Joining the United States Armed Forces is a dream that many people aspire to achieve. It is a chance to live a disciplined life, travel the world, earn the respect of your peers and family, and create lifelong friendships with your unit members. Before you can join, however, you must pass the Armed Services Vocational Aptitude Battery test (ASVAB).
First, here is some information on the ASVAB and AFQT scores:
The ASVAB comprises of 10 different tests. 4 of these tests are used to compute your AFQT score, and these are:
- Paragraph Comprehension
The Armed Forces Qualification Test (AFQT) is the one that determines your eligibility to join the armed forces. However, it is based on the ASVAB, and it is preferable that you pass all the 10 tests and not just the four for the AFQT. The reason is that the full score of the 10 ASVAB tests will determine where you will be assigned to when you join the military – Infantry, Medical, Engineering, Intelligence, etc.
What happens if you don’t pass the first test?
Should you fail, you do have the option of retaking the test after a 30-day waiting period, although if you fail the test again you will have to wait a full 6 months before you can try another time.
Since it is crucial that you pass on your second try, many people planning on taking this test choose to study with the help of an ASVAB tutor to help increase their chance of success.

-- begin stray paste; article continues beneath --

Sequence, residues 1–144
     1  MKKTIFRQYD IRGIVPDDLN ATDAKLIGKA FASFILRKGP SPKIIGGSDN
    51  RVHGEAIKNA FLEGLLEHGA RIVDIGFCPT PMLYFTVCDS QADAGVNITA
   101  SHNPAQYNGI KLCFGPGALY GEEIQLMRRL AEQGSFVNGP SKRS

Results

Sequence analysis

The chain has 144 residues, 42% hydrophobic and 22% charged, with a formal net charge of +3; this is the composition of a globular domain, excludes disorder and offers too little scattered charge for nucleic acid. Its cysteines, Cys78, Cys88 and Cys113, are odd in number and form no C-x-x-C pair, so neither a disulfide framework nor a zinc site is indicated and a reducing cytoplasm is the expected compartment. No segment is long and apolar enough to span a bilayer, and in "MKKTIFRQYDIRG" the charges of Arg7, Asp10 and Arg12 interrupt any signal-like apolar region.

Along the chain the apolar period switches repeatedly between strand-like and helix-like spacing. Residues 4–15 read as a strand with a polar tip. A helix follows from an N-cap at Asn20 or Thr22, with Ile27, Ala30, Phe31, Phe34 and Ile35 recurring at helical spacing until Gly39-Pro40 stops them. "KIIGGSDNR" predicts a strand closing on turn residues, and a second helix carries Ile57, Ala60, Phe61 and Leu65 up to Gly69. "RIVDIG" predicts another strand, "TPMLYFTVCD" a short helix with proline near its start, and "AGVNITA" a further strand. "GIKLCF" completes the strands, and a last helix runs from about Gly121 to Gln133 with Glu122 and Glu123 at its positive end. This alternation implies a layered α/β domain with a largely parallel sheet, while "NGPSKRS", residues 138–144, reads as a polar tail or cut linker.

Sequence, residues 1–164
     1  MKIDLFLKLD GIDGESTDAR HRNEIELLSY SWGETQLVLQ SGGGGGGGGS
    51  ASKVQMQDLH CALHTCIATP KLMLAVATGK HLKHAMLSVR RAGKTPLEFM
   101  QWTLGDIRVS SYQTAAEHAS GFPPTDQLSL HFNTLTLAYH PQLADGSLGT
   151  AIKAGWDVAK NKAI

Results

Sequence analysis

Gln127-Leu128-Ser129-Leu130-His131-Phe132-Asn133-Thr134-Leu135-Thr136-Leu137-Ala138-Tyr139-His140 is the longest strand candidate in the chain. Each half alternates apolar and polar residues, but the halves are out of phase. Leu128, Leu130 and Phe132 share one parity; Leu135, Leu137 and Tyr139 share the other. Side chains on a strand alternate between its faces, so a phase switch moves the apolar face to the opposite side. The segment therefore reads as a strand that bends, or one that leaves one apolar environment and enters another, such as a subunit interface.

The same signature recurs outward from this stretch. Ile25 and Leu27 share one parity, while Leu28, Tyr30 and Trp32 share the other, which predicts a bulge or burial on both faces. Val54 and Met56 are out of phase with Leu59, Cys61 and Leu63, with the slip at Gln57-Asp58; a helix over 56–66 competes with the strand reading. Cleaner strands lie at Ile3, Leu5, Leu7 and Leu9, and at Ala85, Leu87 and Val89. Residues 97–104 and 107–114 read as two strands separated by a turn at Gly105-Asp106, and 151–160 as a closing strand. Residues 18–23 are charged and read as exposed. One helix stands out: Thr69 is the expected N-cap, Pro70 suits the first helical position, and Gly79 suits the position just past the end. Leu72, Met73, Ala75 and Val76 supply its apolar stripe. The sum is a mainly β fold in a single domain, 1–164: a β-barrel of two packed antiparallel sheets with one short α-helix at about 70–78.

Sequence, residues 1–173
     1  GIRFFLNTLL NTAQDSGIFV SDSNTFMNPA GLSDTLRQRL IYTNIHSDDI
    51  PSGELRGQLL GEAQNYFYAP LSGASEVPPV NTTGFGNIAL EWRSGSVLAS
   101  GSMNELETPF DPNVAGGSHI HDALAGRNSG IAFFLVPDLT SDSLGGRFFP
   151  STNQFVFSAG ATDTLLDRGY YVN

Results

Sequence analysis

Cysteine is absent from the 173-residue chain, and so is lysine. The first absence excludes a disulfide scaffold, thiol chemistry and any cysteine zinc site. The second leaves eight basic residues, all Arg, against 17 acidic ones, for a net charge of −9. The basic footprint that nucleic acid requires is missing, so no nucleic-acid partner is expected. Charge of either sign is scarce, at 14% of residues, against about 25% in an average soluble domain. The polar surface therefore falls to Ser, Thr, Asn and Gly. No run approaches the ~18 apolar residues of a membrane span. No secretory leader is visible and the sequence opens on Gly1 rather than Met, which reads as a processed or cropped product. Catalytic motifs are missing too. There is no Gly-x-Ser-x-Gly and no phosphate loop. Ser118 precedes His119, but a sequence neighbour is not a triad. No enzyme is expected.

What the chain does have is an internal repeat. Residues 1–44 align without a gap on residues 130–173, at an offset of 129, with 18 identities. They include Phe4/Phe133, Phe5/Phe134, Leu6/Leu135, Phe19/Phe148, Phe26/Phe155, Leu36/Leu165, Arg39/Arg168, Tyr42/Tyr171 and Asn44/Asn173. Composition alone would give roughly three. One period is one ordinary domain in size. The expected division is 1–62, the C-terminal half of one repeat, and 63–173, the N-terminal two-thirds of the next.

It’s important to study before the test.
The different arms of the United States Armed Forces have their own individual rules and regulations about taking the ASVAB test. The Army, for instance, will only allow you to retake the test after the initial test score has expired.
This means that you cannot retake the test at any time for the purpose of improving your score. The takeaway lesson here is: if you want to join the military, you should consider getting an ASVAB tutor before you take the initial test to help you understand what you will be facing. Passing at the first trial will give you a greater standing when you enlist for the service of your choice.
The Air Force will not allow retesting if you pass the AFQT and get enlisted, or those who enlist using the Delayed Entry Program (DEP). You may only retest when the current score does not match any skills required by the Air Force, or you are not holding any job within the unit.
The Navy is somewhat lenient as they allow retesting when you fail the AFQT or your previous ASVAB score has expired. When you join the Navy through the DEP, you are not allowed to retest for ASVAB. With an AFQT score of 28 – 30, you may go for academic enhancement training, retake the ASVAB and when you score 31 or higher in this second test you will be given active duty status.
Don’t wait to fail the first time in order to take studying seriously or get an ASVAB tutor. Proper preparation is the key to success.